Rocket Lab, an American aerospace manufacturer, launched 13 small satellites into orbit on Sunday morning in its first mission for NASA. This was the company’s third launch this year, and the second one this month, CNBC reported. The successful Sunday mission also comes just one month after the company completed its first commercial flight.
An Electron booster run by Rocket Lab took off at 1:33 a.m. ET Sunday morning from a launch site on New Zealand’s Mahia Peninsula in its operation called Educational Launch of Nanosatellites 19 (ELaNA-19), according to Space.com.
The 13 small satellites will orbit at 500 kilometers above the Earth’s surface, where each satellite will have a role of collecting different information. One of them will measure radiation levels in the Van Allen belts, and another will map out the terrain for a solar-sailing system for small spacecraft to explore deep space, Rocket Lab representatives told Space.com.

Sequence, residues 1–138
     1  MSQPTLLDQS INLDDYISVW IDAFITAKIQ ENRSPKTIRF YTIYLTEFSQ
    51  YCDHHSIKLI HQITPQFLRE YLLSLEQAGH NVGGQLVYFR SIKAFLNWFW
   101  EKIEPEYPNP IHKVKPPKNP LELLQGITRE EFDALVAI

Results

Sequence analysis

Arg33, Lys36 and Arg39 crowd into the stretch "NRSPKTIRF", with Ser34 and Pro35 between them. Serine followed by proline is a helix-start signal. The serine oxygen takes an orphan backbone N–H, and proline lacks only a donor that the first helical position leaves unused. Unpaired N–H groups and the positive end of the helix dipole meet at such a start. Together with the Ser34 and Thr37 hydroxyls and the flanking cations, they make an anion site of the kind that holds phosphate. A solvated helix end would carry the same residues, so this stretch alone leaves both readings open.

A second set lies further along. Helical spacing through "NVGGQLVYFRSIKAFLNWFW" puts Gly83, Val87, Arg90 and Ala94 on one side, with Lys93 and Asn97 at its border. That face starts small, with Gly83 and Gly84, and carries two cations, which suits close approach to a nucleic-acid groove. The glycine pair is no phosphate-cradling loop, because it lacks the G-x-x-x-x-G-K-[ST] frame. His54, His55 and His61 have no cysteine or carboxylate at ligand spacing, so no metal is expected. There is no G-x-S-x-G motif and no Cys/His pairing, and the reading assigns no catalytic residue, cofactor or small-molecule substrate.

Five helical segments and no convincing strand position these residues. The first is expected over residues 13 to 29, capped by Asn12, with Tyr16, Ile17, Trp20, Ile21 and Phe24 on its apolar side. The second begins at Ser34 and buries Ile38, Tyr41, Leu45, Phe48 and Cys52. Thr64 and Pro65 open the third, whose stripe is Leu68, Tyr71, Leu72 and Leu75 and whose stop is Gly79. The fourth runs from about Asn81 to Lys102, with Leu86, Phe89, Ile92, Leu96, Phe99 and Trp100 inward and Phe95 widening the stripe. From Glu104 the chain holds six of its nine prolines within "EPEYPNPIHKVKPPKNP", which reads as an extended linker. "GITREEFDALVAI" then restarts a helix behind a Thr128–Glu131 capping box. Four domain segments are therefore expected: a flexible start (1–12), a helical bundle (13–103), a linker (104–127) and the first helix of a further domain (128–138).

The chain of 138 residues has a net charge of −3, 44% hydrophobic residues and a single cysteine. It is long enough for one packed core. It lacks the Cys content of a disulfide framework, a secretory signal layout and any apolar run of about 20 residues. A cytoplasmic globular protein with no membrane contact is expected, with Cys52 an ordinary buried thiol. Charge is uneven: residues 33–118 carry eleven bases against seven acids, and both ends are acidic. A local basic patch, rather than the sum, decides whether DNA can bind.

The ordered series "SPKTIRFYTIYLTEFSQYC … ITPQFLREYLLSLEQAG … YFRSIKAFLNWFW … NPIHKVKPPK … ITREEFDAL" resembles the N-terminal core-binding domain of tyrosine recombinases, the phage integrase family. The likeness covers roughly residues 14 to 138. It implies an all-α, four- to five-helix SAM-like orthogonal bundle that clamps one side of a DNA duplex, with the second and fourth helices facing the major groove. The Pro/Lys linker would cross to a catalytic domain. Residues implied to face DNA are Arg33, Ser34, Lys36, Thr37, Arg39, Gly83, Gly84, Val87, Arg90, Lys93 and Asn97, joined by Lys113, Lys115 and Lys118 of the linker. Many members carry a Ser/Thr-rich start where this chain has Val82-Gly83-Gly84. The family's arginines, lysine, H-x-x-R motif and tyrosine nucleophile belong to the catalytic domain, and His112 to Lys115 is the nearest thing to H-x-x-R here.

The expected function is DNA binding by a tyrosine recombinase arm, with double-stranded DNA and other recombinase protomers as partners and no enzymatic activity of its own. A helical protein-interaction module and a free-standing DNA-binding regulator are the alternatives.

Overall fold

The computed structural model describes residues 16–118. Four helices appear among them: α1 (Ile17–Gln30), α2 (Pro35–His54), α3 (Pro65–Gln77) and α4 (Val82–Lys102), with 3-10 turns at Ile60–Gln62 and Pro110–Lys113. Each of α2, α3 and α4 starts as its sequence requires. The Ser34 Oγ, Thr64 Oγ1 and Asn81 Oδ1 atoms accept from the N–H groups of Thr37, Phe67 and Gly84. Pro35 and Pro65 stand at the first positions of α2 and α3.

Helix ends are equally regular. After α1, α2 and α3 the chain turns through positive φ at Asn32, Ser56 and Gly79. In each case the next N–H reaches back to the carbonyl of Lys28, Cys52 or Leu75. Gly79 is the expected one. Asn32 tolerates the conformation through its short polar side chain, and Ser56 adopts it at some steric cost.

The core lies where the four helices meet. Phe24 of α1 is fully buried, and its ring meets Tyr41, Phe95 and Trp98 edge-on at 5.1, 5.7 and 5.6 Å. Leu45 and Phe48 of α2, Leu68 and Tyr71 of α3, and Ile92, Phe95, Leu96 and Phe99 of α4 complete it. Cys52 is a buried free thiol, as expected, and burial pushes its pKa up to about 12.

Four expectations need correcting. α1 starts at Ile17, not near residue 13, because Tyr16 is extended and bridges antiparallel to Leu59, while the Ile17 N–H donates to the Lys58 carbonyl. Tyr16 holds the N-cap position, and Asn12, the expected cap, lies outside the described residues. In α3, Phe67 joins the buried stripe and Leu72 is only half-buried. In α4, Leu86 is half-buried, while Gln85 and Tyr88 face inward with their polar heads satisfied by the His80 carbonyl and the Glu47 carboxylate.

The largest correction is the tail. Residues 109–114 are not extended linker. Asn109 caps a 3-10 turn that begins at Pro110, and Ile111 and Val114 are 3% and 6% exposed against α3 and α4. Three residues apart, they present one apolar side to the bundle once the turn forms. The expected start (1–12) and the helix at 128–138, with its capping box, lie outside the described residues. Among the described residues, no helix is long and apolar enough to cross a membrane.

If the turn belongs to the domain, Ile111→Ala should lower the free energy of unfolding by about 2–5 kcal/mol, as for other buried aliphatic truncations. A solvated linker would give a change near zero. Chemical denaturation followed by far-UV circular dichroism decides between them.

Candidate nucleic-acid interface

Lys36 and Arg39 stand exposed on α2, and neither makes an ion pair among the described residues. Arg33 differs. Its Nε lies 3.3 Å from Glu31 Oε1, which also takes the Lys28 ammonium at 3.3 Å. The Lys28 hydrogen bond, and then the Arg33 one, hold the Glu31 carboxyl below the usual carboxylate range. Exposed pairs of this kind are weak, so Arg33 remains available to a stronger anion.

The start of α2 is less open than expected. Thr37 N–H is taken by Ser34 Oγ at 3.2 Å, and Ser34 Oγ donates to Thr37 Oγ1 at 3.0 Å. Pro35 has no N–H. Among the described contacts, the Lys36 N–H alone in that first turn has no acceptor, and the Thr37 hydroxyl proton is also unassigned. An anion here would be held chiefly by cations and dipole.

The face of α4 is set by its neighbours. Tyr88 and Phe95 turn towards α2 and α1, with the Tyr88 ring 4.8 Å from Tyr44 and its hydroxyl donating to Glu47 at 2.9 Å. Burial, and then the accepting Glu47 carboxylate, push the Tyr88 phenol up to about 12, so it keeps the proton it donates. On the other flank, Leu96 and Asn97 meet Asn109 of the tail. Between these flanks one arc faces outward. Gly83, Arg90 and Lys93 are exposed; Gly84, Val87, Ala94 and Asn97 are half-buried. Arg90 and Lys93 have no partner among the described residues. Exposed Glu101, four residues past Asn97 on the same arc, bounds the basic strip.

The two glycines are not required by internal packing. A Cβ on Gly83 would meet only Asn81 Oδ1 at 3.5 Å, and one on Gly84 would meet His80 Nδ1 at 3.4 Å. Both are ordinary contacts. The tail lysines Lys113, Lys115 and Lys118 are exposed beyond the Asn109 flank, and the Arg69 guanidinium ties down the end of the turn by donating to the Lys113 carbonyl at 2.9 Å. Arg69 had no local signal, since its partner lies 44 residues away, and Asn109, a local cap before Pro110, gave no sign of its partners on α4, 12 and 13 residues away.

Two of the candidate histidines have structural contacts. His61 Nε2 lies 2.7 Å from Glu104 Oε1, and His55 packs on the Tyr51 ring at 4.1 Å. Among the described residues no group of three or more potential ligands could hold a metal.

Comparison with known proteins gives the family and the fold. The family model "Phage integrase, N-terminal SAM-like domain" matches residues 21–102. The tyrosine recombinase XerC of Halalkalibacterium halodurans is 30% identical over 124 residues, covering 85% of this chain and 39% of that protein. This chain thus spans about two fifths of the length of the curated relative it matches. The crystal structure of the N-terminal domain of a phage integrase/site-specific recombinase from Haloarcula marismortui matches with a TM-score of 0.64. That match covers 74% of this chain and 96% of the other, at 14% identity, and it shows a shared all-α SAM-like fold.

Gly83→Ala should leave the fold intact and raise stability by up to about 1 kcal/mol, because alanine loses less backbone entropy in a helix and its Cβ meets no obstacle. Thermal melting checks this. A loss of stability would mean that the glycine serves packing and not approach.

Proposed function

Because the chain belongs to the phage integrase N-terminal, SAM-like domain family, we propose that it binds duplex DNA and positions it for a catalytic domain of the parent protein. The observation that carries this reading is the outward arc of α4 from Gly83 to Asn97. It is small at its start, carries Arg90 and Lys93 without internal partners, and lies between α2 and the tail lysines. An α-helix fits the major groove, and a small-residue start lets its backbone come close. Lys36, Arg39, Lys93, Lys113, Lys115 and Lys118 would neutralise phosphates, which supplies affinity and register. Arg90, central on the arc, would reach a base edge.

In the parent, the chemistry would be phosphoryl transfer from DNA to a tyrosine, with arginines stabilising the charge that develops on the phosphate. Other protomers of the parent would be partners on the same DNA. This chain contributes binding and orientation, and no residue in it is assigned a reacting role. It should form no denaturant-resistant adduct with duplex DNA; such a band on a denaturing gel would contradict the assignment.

“There’s nothing more special than flying a mission for NASA,” Rocket Lab’s CEO Peter Beck told Forbes. Beck said it was a “very unique mission for NASA” because the federal agency had “secured a purely commercial launch vehicle to deploy CubeSats” for the first time ever. “This is as close as you’ll get to a government agency buying a rocket on a credit card.”
Beck tweeted early Sunday morning that the launch was a success.
As Rocket Lab looks to the future, the company hopes to make its first launch from U.S. soil next year, and plans to run a mission from the Mid-Atlantic Regional Spaceport in Virginia.